David Whitehead left the Street to launch an adventure driving business in Nevada
"Have you ever seen Mad Men?" asks David Whitehead. "It was like that," he says of his 20 years on Wall Street. "The girls, the drinking. I look back and wonder how I survived."
For two decades, Whitehead, 45, traded aluminum and minor metals—titanium, manganese, magnesium—for various companies and his own account. In 2003, he invested in a titanium recycling company, called Jamegy, that he restructured and sold in 2006 for a profit. Nagged by the feeling that his days of big scores were coming to an end, Whitehead cashed out at 41 and moved to Las Vegas, to be in the Western deserts where he grew up.
While in Vegas, Whitehead rediscovered his childhood pastime of off-road dirt-bike racing. After helping friends launch an off-road motorcycle tour business in 2007, he saw the potential in Nevada for off-road adventure excursions on four wheels. The problem was finding cars tough enough for the trails.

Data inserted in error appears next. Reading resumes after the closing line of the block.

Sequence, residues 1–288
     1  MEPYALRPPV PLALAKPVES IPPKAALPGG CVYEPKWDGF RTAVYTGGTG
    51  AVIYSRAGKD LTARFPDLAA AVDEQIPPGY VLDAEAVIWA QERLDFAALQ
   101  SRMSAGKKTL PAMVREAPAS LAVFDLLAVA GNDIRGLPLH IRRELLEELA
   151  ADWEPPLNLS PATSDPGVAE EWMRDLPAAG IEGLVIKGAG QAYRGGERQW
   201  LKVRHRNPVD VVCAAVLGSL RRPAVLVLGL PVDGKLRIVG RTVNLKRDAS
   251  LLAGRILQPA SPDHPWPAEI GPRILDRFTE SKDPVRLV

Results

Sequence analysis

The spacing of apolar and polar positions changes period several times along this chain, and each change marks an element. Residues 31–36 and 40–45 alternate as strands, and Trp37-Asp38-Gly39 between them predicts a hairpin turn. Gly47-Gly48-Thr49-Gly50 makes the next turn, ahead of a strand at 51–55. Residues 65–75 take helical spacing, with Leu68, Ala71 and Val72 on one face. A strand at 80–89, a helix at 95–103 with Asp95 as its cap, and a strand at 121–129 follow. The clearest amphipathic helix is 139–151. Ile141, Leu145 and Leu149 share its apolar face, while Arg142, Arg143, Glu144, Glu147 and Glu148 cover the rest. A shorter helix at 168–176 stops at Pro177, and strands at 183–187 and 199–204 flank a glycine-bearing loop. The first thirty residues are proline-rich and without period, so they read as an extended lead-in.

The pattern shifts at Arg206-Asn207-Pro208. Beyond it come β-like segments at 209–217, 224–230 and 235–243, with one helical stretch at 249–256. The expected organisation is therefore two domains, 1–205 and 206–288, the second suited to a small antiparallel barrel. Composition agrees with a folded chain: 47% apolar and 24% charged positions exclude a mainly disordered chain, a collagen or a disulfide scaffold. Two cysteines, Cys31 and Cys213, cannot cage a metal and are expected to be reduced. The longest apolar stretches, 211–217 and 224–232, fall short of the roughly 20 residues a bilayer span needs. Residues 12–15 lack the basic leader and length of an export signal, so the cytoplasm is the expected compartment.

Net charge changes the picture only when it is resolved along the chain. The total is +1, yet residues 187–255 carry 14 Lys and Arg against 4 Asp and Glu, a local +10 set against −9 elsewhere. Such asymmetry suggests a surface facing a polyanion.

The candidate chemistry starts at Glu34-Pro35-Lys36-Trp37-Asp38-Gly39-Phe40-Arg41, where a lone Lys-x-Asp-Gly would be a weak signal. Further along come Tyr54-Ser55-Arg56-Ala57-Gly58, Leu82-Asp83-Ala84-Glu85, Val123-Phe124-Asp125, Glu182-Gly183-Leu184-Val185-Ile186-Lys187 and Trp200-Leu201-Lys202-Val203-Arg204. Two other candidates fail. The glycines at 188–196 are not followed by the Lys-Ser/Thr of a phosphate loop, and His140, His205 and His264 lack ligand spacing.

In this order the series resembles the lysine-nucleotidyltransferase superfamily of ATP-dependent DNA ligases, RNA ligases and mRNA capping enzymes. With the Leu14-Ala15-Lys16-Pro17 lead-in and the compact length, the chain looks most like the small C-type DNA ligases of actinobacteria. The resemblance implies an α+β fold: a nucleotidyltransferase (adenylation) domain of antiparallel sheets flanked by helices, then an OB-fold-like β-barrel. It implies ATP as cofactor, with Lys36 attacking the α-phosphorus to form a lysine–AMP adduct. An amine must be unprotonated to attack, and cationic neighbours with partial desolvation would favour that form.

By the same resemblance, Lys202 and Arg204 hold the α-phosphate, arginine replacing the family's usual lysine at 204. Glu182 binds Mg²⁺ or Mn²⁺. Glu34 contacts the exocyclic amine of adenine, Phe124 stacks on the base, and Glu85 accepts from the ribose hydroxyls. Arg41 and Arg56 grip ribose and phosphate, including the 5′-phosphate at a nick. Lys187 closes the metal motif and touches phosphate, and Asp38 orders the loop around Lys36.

His curiosity led him to California-based adventure-travel company Wide Open Baja, which has run cars in the famous Baja 1000 race for over a decade. Wide Open had everything Whitehead needed: a fleet of cars, a known brand, and a marketing operation. In 2009, Whitehead began negotiating a deal to license the Wide Open name and have them handle sales for his startup. He also spent $1 million of his own money to buy 11 open-cockpit off-road race cars.
Whitehead spent another $1 million on support vehicles, spare parts, chow wagons, and desert accommodations for tourists. After a year of negotiating with Nevada's Bureau of Land Management over permits, Whitehead says he agreed to pay the agency three percent of his gross. He also assumed responsibility for maintaining the trails he uses, which eats up another two to three percent.
In January, Wide Open Nevada opened for business offering two- to six-day packages. In the past nine months, 100 customers have paid about $2,000 a day for tours crisscrossing the public land north of Area 51. "My typical customer is bored stiff of going on golf weekends with the guys," says Whitehead, "I send them home with something to talk about."
PEDALLING THE METAL
$7,000: Approximate cost of a four-day tour through Nevada's ghost towns and rangeland
500: Number of miles covered in a typical driving tour with Wide Open Nevada
$6,000: The typical cost of repairing an off-road vehicle after a customer rolls it
175: Horsepower of the engine in an open-cockpit, off-road Baja 1000 race car
Data: Wide Open Nevada